Egyptian Minister of Parliamentary Affairs Omar Marawan said in a press conference on Tuesday that Egypt intends to finalise a deal with Russia to build four nuclear power stations in Egypt.
"The government has no intention of backtracking on this deal because it is very important to Egypt," Marawan said.
“However, before we sign the final agreement, the government wants to make sure that all safety measures will be in place to guarantee that the new nuclear power stations will not cause any harmful radiation in the future.”
Egypt and Russia signed an agreement in 2015 for Russia to build four nuclear power stations in Egypt by 2022.
In May, Egyptian President Abdel-Fattah El-Sisi told the Russian ministers of defence and foreign affairs that "we welcome Russia building four nuclear power plants in Egypt in the next few years."
El-Sisi also told the national media that the State Council has ratified the final draft to build three of the power stations.
"We are still waiting for the fourth contract to be finalised by the State Council," said El-Sisi.
Russian state-owned company Rosatom will be in charge of implementing the Egyptian-Russian nuclear deal, with the first plant to be built in Dabaa, west of Alexandria.
Extending state of emergency
Marawan also praised parliament for voting in favour of extending a nationwide state of emergency for an additional three months.
"I cannot say whether the state of emergency will be extended for a third time, because this will be judged by security conditions," said Marawan.
Marawan added that Article 154 of the constitution says that a state of emergency cannot be extended three consecutive times.
"This means that after October there should be a three-month interval for any extension to be constitutional," said Marawan.
Marawan added that the next period will see the formation of a Higher Council on Combating Terrorism and Extremism.
The three-month state of emergency was imposed after the April suicide bombings of two churches in Tanta and Alexandria, and was extended in June for another three months.
Marawan said that intensive discussions are still underway within presidential and government circles on whether the Council on Combating Terrorism and Extremism should be created by passing a law in parliament or by presidential decree.
"We are also discussing what kind of members and public figures should join the board of this council, which will be a landmark step towards ridding Egypt of terrorist and extremist threats," said Marawan.
Tiran and Sanafir deal
On the recently approved deal to hand over two Red Sea islands to Saudi Arabia, Marawan insisted that the controversial agreement was discussed in parliament last month in line with Article 151 of the constitution.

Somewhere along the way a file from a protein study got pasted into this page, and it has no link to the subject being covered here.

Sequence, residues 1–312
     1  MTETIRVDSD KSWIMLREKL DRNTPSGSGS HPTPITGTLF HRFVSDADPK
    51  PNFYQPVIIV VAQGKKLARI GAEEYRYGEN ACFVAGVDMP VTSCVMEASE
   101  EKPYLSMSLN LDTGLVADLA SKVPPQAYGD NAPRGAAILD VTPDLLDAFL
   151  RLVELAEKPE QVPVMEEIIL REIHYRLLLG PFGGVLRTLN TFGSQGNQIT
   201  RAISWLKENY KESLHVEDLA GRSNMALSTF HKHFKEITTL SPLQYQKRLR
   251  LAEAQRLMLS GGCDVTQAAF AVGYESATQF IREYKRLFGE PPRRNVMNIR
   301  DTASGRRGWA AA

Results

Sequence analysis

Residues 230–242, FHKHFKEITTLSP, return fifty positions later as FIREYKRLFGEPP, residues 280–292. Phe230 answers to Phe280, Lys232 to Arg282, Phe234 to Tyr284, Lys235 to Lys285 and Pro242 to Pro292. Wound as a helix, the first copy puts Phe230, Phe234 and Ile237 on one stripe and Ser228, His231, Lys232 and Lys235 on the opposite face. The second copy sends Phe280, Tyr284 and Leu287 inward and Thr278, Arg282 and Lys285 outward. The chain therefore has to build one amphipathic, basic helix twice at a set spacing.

"We postponed the discussion of this deal for some time, but this was due to the fact that some aspects and procedures took a lot of time to be completed," Marawan said, adding that "once all procedures were complete, we immediately decided to refer it to parliament."
The decision to discuss the deal in parliament received sharp criticism, with some accusing the government of exerting pressure to push the deal through parliament without adequate discussion.
Marawan, however, says that the government was highly cooperative and keen to provide parliament with all the needed information and to respond to questions raised by MPs in the second 2016/2017 session.
"We referred as many as 247 draft laws to parliament in 2016/2017, with parliament approving 210," said Marawan.
However, Marawan deplored that no interpellations were discussed in parliament's second session.
"An interpellation is the most serious supervisory tool because it levels accusations against the government, so we should be informed of any interpellation in advance in order to prepare our responses," said Marawan.
New laws in the pipeline
Marawan also said that the long-awaited law on criminal procedures, which aims at speeding up trials, is still being discussed by the state council.
Marawan said that the next legislative season will see parliament discuss a number of important laws on local councils, professional syndicates, national health insurance, and national press organisations.
"We hope that the passing of the new local councils will help ensure that municipal elections are held at the end of this year," said Marawan.
Fuel subsidy cuts
In response to accusations from MPs that the government took them by surprise when it decided to raise fuel prices twice in eight months, Marawan said that the price hike was part of a government policy statement that MPs had approved.
"We know that MPs accuse us of embarrassing them, but we were clear from the beginning that economic reform and cutting down on subsidies have become a necessity and would be implemented in accordance with a time schedule," said Marawan.
"We agreed with MPs, however, that wealthy classes should bear the brunt of price hikes and that these classes should not receive any kind of subsidies," said Marawan, adding that "the expected increase in power prices aims to ration electrical consumption and relieve this sector of heavy losses."
Marawan said "there is no doubt that the recent liberalisation policies have proved excellent in improving the Egyptian economy in the first half of 2017."
"We see that the country's foreign currency reserves have increased from $15 billion eight months ago to around $32 billion currently, and we see that tourism traffic increased by 40 percent," said Marawan.
"Although foreign debts climbed up in the first half of this year [to around $72 billion], I want to make sure that Egypt is able to pay these debts on time because most of its money was invested in profitable projects."